\ ˈȯl How to pronounce all (audio) \

Definition of all

 (Entry 1 of 4)

1a : the whole amount, quantity, or extent of needed all the courage they had sat up all night
b : as much as possible spoke in all seriousness
2 : every member or individual component of all men will go all five children were present
3 : the whole number or sum of all the angles of a triangle are equal to two right angles
4 : every all manner of hardship
5 : any whatever beyond all doubt
6 : nothing but : only all work and no play :
a : completely taken up with, given to, or absorbed by became all attention
b : having or seeming to have (some physical feature) in conspicuous excess or prominence all legs
c : paying full attention with all ears
7 dialect : used up : entirely consumed used especially of food and drink
8 : being more than one person or thing I don't know who all is coming.
all the
: as much of … as : as much of a … as all the home I ever had

all

adverb

Definition of all (Entry 2 of 4)

1a : wholly, quite sat all alone often used as an intensiveall out of proportionall over the yardit wasn't all that funny
b : selected as the best (as at a sport) within an area or organization used in combinationall-league halfback
2 obsolete : only, exclusively
3 archaic : just
4 : so much all the better for it
5 : for each side : apiece the score is two all

Definition of all (Entry 3 of 4)

1a : the whole number, quantity, or amount : totality all that I have all of us all of the books
b used in such phrases as for all I know, for all I care, and for all the good it does to indicate a lack of knowledge, interest, or effectiveness
2 : everybody, everything gave equal attention to all that is all
all in all
: on the whole : generally all in all, things might have been worse
and all
: and everything else especially of a kind suggested by a previous context cards to fill out with … numbers and all— Sally Quinn

all

noun

Definition of all (Entry 4 of 4)

: the whole of one's possessions, resources, or energy gave his all for the cause

Keep scrolling for more

Synonyms & Antonyms for all

Synonyms: Adjective

Synonyms: Adverb

Synonyms: Pronoun, singular or plural in construction

Antonyms: Adjective

Antonyms: Adverb

Antonyms: Pronoun, singular or plural in construction

Visit the Thesaurus for More 

Choose the Right Synonym for all

Adjective

whole, entire, total, all mean including everything or everyone without exception. whole implies that nothing has been omitted, ignored, abated, or taken away. read the whole book entire may suggest a state of completeness or perfection to which nothing can be added. the entire population was wiped out total implies that everything has been counted, weighed, measured, or considered. the total number of people present all may equal whole, entire, or total. all proceeds go to charity

Examples of all in a Sentence

Adjective I've been waiting all week to see her. He had to walk all the way home. She works all year round. He'll need all the help he can get. Someone took all the candy. Adverb She has traveled all around the world. This money will be all yours when I die. She had buttons all down the side of her dress. I forgot all about paying the bill. The kids got all excited when they saw Santa Claus.
See More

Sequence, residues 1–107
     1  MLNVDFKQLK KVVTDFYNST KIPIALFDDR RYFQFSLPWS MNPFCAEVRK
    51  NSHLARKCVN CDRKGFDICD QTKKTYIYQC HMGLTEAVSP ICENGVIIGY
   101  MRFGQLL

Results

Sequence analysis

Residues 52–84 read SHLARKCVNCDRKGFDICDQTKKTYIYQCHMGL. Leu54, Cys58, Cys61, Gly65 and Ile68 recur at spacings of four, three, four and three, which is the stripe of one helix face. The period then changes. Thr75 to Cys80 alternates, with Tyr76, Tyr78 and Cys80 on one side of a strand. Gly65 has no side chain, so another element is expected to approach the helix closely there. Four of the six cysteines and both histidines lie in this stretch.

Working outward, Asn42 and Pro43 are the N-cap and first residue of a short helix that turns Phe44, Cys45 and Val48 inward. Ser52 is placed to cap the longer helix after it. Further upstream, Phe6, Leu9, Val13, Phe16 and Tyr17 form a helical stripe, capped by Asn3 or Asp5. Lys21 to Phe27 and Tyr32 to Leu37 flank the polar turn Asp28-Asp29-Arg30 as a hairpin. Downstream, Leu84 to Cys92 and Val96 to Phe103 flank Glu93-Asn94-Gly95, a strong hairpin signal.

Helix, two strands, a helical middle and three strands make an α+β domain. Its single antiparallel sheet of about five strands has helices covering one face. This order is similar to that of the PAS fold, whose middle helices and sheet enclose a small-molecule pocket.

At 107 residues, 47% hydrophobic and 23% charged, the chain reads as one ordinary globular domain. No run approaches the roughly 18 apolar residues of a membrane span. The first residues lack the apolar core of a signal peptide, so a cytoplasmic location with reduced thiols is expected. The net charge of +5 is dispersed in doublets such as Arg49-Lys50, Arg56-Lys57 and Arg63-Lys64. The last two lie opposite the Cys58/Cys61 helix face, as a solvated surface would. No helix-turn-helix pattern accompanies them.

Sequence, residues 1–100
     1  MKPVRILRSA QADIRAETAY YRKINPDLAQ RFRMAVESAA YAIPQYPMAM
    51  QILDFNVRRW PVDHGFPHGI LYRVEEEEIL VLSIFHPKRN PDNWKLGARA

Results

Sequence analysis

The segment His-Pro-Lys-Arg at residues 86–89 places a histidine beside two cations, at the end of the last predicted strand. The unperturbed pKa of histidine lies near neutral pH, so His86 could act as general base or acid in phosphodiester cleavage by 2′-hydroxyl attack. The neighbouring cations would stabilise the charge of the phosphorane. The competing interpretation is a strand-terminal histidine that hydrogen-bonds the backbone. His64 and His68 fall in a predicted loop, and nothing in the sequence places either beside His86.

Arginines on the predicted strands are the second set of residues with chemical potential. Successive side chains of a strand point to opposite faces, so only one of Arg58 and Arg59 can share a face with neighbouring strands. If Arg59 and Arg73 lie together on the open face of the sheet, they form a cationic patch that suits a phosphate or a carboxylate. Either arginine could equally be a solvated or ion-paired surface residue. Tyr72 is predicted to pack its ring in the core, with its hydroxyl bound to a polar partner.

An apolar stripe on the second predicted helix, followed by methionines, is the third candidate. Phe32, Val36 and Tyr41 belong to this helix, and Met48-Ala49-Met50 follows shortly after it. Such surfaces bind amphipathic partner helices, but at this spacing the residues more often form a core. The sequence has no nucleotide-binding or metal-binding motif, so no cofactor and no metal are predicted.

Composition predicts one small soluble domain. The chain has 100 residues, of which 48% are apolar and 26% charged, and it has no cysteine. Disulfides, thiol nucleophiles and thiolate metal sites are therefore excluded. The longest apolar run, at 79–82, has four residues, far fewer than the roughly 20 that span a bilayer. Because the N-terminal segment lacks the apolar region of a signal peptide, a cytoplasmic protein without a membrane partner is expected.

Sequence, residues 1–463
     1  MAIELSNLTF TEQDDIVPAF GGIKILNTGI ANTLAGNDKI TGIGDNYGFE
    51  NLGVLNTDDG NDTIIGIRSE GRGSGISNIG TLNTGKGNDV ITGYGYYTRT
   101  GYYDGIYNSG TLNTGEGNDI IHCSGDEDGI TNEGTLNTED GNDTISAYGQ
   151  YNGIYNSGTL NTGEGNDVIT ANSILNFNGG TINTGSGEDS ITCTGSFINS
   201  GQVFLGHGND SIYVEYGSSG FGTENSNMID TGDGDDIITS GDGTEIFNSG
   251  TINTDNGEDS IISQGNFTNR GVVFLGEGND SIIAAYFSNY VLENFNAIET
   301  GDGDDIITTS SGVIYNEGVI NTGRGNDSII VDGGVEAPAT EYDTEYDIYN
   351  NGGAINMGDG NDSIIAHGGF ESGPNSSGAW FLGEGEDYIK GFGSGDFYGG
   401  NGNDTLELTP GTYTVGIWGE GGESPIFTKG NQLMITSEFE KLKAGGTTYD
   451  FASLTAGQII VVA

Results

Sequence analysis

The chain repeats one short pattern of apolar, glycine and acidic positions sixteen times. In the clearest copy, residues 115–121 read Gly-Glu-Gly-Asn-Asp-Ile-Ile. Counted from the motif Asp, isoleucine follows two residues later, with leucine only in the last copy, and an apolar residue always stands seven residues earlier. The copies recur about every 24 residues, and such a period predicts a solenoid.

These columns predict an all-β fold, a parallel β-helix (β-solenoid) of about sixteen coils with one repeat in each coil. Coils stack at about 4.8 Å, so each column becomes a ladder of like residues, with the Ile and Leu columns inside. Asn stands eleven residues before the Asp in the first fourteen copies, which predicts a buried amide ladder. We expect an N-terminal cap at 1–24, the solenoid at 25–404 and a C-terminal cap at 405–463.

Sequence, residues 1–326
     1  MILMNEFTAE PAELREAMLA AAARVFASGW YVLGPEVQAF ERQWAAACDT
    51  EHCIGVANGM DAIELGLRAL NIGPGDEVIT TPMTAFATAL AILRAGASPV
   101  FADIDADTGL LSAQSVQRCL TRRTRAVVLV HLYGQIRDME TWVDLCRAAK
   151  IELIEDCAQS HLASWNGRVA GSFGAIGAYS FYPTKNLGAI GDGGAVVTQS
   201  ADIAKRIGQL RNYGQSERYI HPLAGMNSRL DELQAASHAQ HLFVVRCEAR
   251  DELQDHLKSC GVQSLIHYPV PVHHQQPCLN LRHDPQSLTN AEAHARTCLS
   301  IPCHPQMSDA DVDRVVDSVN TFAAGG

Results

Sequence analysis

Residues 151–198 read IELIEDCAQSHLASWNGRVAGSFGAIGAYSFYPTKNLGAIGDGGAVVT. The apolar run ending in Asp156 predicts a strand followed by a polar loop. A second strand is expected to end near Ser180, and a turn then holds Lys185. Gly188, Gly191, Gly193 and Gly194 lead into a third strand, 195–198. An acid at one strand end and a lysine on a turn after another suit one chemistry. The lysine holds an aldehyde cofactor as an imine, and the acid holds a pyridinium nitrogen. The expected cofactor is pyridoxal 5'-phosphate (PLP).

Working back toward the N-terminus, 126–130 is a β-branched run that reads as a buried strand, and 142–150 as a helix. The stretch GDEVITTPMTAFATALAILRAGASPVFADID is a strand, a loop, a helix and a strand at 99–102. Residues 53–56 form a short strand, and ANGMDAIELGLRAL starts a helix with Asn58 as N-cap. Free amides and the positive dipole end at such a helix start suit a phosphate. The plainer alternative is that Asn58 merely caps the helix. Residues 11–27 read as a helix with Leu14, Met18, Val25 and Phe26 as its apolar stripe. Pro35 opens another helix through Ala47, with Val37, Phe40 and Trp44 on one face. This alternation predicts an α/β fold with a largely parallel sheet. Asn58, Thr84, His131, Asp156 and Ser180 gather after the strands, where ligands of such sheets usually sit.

Recent Examples on the Web: Adjective The younger Fredrickson also remembers watching his older brother play youth football for the Leyden Bears all the way through his high school varsity career. Gregg Voss, chicagotribune.com, "Leyden’s Vince Fredrickson evokes memories of older brother, Dom; ‘They are kind of the same guy’," 16 Sep. 2019 Zamata credits Meghie with giving all the players a level of nuance. Janelle Okwodu, Vogue, "Sasheer Zamata Is Back and Reinventing the Rom-Com," 16 Sep. 2019 Just as Tomori was entering into the defensive conversation for all the right reasons, Luiz was sliding back into the opposite one. SI.com, "Fikayo Tomori: The Other Academy Graduate Thriving at Frank Lampard's Chelsea," 16 Sep. 2019 Event organizers know all this, of course, and many will schedule outdoor fund-raisers for early fall with reasonable expectations of drawing significant interest. BostonGlobe.com, "The foundation says some 500 participants come out each year to bike or run/walk for charities that create their own teams and use the “tour” as a fund-raising platform.," 16 Sep. 2019 But at present, after the 102-loss Tigers smiled for their annual team photo, Ilitch spoke inside the team’s dugout ahead of a series that matters — for all the wrong reasons. Anthony Fenech, Detroit Free Press, "Detroit Tigers owner still whiffing on the big question: When will wins come?," 13 Sep. 2019 New clothes are great for all those reasons — as well as for the option of pairing them with beloved older pieces already in my wardrobe, as an excuse to wear those pieces one more time. Longreads, "My Love Affair with Chairs," 13 Sep. 2019 To achieve all this, the GOP did not once look across the aisle. Nick Martin, The New Republic, "North Carolina Sends Democrats a Wake-Up Call," 12 Sep. 2019 So what should gun owners, and those thinking about joining us, make of all this? Robert Verbruggen, National Review, "Do Guns Help People Defend Themselves?," 12 Sep. 2019 Recent Examples on the Web: Adverb This week’s field guide is all about the why, exploring the role of products, teams, cultures, and more. Walter Frick, Quartz, "How startups can respond to the coronavirus pandemic," 24 Mar. 2020 This was probably all true—a way for Martin to deflect judgment for what he was later caught doing, a way of laying the groundwork for cause, as well as affecting a soulfulness that loosened his sponsor’s check-writing hand. Han Ong, The New Yorker, "Futures," 23 Mar. 2020 The first hour of learning was all about reading, and Madilyn was engaged the whole time, Sarah said. al, "Schooling online in Alabama during a worldwide pandemic," 22 Mar. 2020 Infante’s story is all too common among those scheduled to get married this spring. Richard A. Marini, ExpressNews.com, "San Antonio brides, grooms say ‘I do’ to rescheduling weddings due to the COVID-19 virus," 20 Mar. 2020 The focus of the collection is Italian, so expect to learn all about Baroque formal wear while catching up on 1980s Armani and Versace, and contemporary Valentino. Erica Firpo, Condé Nast Traveler, "16 Best Things to Do in Florence," 20 Mar. 2020 But in one category of product, scarcity is all too real. The Economist, "My iron lung Companies are scrambling to build more ventilators," 19 Mar. 2020 As virtual and augmented reality tech continues to evolve and become more sophisticated, why not indulge in some heady sci-fi that’s all about questioning the very nature of reality itself? Popular Science, "Sci-fi novels for much-needed mental escapes," 17 Mar. 2020 Some are simply waiting for the inevitable: an all-out assault. Fox News, "Displaced Syrian family lives in a graveyard as the war enters its 10th year," 16 Mar. 2020 Recent Examples on the Web: Noun Victoria’s public speaking engagements now became free-for-alls, mobbed to the rafters with raucous crowds that mixed her enraptured fans with her booing, hooting enemies. John Strausbaugh, National Review, "The Scandalous and Pioneering Victoria Woodhull," 8 Feb. 2020 Betting on a treatment for Covid-19 isn’t likely to be a cure-all for investor portfolios. Charley Grant, WSJ, "Coronavirus Drug Bets May Be Hazardous to Your Wealth," 28 Feb. 2020 Over the past 20 years, Aaron has spiraled from a high school star and an academic all-American on the Arizona State University football team to a ward of the state of Maryland. Abigail Jones, Washington Post, "What Schizophrenia Does to Families," 13 Jan. 2020 Pet Peeves: Inefficiency, other know-it-alls, and inconsiderateness. Dalton Ross, EW.com, "Survivor: Winners at War," 15 Jan. 2020 Even if approved, the compound won’t be a cure-all for everyone with Alzheimer’s disease. Katherine Ellen Foley, Quartz, "Biogen’s latest Alzheimer’s drug trials will change dementia drug research," 5 Dec. 2019 Siebel Newsom expresses a rising-tides-lift-all-boats outlook. Alexei Koseff, SFChronicle.com, "Jennifer Siebel Newsom leans in to power as California’s first partner," 24 Jan. 2020 Breeding futuristic know-it-alls will also impact our perception of status and power in society. Lucas Bento, Quartz, "The brain is the final frontier of our privacy, and AI is about to breach it," 19 Nov. 2019 The products are touted by some as a cure-all for chronic pain, anxiety, arthritis and a variety of other medical ailments. Maggie Menderski, The Courier-Journal, "Shop local for her: Louisville's 5 best self-care gifts for the woman in your life," 18 Nov. 2019